As a writer, I learn something from every book I read. These are the twelve best books I read in 2015. Although I read much fiction, I’m a bit surprised to see how many of the books I’ve selected are nonfiction. Please check the links to the blog archive for a fuller discussion of each book.
The nine essays in this book contain much depth and beauty. In them, Hirschfield explores the magic of poetry, pulling back the curtain to show what makes some poems work. Her insights leave space for the imagination, equally inspiring for poetry readers and those who write.
Within this absorbing story of Sylvia and Jerome and Andrew lies a profound meditation on love and memory and geography and change. I was deeply moved by this story and came to a new understanding and acceptance of losses that still haunt my dreams.
Set among a motley group of people living on barges on the Battersea Reach of the Thames, this Booker Prize-winning novel follows Nenna, a woman struggling to make a home for her two young daughters. This image of being neither on land nor at sea underpins the lives of the people on the barges. All of them live in the littoral, hanging onto the edge of survival. Fitzgerald is often quite funny, her humor coming from the absurdity of life’s situations and some of its people. However, rather than satirising them, she treats them with compassion and respect.
Gornick’s highly praised memoir, Fierce Attachments, explores her relationship with her mother. In the introduction Jonathan Lethem calls the book “mad” and “brilliant”, but it is more than that. The story of these two women, and the other men and women drawn into their orbit, drives forward with an intensity and, yes, ferocity that I’ve rarely encountered.
I’ve read a lot about the Great War: poetry, history, memoirs. What I hadn’t thought much about are the women. The land girls, yes, and the misguided women handing out white feathers, but not about the nurses or the women waiting for the next letter from the front and anxiously scanning the lists of the dead. Vera Brittain’s brilliant memoir fills that gap. Written in the early 1930s, she describes the horrors that stunned her “cursed generation” in a calm yet unforgiving voice, the voice of the sternly practical and compassionate nurse she became.
In this rich and readable biography, Hermione Lee gives us not just Fitzgerald’s story, but also a discerning evaluation of her work. By giving us the events and people that shaped and influenced Fitzgerald as a writer, this remarkable biography sheds new light on Fitzgerald’s novels. Plus I love that it sent me back to read all the novels again.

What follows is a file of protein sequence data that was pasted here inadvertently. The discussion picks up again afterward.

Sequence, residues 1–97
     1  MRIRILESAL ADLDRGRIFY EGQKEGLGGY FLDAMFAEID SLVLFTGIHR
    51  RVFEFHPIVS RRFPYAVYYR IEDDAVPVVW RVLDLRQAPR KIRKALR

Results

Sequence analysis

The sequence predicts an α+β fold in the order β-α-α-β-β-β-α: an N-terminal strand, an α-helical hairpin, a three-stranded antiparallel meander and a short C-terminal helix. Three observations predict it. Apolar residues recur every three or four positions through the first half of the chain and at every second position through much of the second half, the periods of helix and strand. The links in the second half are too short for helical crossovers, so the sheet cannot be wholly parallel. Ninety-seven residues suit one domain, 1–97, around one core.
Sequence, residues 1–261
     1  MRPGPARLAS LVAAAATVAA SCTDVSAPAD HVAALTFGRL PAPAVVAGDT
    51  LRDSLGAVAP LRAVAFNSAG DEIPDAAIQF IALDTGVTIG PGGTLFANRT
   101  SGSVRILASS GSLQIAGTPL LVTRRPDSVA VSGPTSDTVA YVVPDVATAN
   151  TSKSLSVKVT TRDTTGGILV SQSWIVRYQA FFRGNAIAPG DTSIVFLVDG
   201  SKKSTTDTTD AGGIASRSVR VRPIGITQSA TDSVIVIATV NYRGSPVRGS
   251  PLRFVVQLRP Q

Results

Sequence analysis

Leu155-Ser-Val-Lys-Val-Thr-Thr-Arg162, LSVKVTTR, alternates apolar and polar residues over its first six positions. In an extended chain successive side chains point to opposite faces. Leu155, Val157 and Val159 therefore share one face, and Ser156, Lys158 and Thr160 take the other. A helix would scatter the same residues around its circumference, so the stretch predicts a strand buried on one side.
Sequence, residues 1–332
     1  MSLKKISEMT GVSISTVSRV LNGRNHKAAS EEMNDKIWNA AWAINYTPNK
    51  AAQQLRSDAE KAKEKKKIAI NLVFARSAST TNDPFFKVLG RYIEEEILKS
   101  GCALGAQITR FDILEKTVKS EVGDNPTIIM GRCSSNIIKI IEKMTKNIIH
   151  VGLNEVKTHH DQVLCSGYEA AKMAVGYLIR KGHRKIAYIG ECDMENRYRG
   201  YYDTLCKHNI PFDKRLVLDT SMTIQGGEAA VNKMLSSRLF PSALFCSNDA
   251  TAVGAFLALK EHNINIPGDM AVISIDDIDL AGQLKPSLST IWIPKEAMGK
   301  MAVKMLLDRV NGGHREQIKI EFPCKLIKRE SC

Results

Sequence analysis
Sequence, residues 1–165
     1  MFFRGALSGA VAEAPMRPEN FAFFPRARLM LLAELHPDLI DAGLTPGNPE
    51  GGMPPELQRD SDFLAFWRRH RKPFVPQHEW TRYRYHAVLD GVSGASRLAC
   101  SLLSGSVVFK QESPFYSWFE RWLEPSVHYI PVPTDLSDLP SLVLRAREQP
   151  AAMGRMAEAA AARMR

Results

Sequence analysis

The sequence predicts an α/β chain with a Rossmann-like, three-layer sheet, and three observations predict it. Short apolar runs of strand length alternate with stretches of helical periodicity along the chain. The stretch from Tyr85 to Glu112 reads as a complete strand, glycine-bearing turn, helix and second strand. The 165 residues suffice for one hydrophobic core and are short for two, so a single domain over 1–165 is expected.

My book club rarely comes up with a unanimous verdict on a book, but we all loved this book by Anne Tyler, as we have loved other of her books we’ve read. It’s not just because she writes about Baltimore, and specifically the part of Baltimore we are most familiar with. I think the quality that we love in Tyler’s novels is her ability to give us people who, with all their quirks and flaws, yearn for something better and have faith that they can get there, people whose stories play out in families so true that we recognise them immediately.
Set in a future version of Baltimore, called B-Mor, Lee’s latest novel represents a logical outcome of the tensions currently tearing the city apart. We have the story of the B-Mor community and we have the story of one young woman, Fan, who leaves B-Mor in search of her boyfriend, Reg, who has disappeared, apparently removed by the powers that be for their own purposes.
Sometimes you want a big, fat novel; sometimes you want a small, quiet one. Only 112 short pages, Smith’s novel follows a young woman during a single day. Twenty-something Isabel is many things: a thrift-store aficionado, a librarian who repairs damaged books, a child of divorced parents, a resident of Portland, Oregon. But most of all she is a person whose imagination is both deep and wide.
The rich, luxuriant writing in this novel felt like lowering myself into a hot perfumed bath after a long but rewarding day. Poetic doesn’t begin to describe the fragrant mass of images and sense-impressions that fill every sentence. Aslam’s personification of the natural world adds to the atmosphere of mystery, of legends handed down through the generations. Aslam presents his characters with compassion, gently asking the reader to recognise the reasons they act as they do. And he wraps the story, with its many pairs of lost lovers, in the beauty of the world in all its flavors and in the intoxication and deep comfort of love.
I’ve long been a fan of Howard Norman’s novels and memoirs. I especially enjoy the way he conveys the magic of ordinary moments. Reading this memoir is like listening to my best friend tell me stories. Most of us, especially in our later years, feel the need to discover or construct the narrative of our lives. Norman shows us a way to piece the past together without forcing it into an artificial pattern.
Moehringer describes how, growing up without a father, he finds a refuge with men who hang out at Dickens, the local bar, where Moehringer’s Uncle Charlie is a bartender. As we get to know them, each one stands out in brilliant eccentricity coupled with a deep, if flawed, humanity. Moehringer treats them with the tender dignity that Anne Tyler so reliably employs with her misfits and oddballs. His great achievement is making these men with their beer bellies and balding heads, their drinking and gambling, their apparent aimlessness (beyond getting drunk and having a good time) into heroes.
What were the best books you read last year?